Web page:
by Yonatan Neril
from The Huffington Post
The Nobel Laureate Toni Morrison tells the following story: A young girl with a bird in her hands went to a wise person. The child asked the wise person, “Is the bird in my hands alive or dead?” If the answer was “dead,” she would open her hands. If the answer was “alive,” she would close her hand and kill the bird. The wise person, sensing her intention, responded, “I cannot say whether the bird is alive or dead, but I can say that the fate of the bird is in your hands.”
Today we have in our hands not one bird, and not just all birds, but all living beings on our planet, including 7 billion human beings.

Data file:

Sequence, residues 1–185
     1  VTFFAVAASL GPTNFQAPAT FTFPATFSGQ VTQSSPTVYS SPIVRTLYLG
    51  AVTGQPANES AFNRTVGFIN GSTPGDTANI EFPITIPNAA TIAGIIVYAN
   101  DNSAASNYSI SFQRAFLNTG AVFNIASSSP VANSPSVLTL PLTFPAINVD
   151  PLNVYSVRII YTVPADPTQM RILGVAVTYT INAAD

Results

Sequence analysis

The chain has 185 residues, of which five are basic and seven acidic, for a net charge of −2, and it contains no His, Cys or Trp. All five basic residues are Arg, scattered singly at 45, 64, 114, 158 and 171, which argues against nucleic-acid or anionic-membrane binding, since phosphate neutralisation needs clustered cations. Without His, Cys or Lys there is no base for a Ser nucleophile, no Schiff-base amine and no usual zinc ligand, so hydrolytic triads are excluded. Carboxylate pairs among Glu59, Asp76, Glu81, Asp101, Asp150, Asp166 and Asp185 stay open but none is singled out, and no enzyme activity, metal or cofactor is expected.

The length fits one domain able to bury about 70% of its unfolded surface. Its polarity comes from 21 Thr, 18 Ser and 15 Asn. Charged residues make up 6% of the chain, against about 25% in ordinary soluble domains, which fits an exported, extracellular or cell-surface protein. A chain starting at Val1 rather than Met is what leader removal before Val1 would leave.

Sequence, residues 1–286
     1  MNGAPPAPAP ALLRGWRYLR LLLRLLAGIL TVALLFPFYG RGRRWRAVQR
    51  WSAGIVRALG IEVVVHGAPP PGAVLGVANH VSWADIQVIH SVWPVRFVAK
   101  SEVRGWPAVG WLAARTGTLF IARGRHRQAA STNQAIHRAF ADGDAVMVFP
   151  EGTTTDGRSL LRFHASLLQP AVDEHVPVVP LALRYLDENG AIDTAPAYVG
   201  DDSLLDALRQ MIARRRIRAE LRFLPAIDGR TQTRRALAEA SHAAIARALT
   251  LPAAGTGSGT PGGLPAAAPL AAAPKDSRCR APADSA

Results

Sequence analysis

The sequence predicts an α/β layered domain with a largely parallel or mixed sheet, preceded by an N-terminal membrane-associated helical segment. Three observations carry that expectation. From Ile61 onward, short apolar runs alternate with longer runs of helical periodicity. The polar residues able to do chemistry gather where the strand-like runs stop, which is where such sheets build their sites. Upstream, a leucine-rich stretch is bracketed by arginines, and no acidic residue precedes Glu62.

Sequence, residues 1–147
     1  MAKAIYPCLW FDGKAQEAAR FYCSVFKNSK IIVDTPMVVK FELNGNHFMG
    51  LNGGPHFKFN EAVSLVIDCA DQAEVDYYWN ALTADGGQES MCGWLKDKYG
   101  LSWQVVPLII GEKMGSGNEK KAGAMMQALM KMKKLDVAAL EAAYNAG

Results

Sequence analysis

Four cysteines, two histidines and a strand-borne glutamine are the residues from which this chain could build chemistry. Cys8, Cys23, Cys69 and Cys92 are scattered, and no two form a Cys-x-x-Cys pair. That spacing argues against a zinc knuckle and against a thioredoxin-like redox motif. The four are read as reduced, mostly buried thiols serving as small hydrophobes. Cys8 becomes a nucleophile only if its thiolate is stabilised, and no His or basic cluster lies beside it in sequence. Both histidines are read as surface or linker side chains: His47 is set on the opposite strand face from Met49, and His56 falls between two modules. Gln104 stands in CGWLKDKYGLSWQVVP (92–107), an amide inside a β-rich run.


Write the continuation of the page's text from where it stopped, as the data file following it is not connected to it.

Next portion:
I grew up on an acre of land in California with a large orchard and organic garden. In my BA and MA studies with a focus on global environmental issues, I conducted research in India on renewable energy and in Mexico on genetically modified corn. I came to see first-hand global environmental changes that humanity is effecting on this planet. Following these studies and research, I studied for a number of years in a rabbinic program. Because of my environmental background, I encountered traditional Jewish texts from a particular lens, and realized that my own tradition offers profound teachings that relate to environmental sustainability. I also came to realize that other faith traditions — Christianity, Islam, Buddhism, Hinduism and others — also speak deeply about the roots of and solutions to our environmental challenges. Based on this understanding, I founded The Interfaith Center for Sustainable Development to access the collective wisdom of the world’s religions to promote co-existence and environmental sustainability through education and action.